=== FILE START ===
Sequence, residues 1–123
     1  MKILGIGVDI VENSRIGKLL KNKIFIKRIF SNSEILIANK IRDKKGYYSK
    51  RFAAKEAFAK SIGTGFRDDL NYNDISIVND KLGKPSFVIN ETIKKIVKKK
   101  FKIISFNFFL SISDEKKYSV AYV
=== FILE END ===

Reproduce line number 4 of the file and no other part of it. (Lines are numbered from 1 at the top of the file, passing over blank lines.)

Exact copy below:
   101  FKIISFNFFL SISDEKKYSV AYV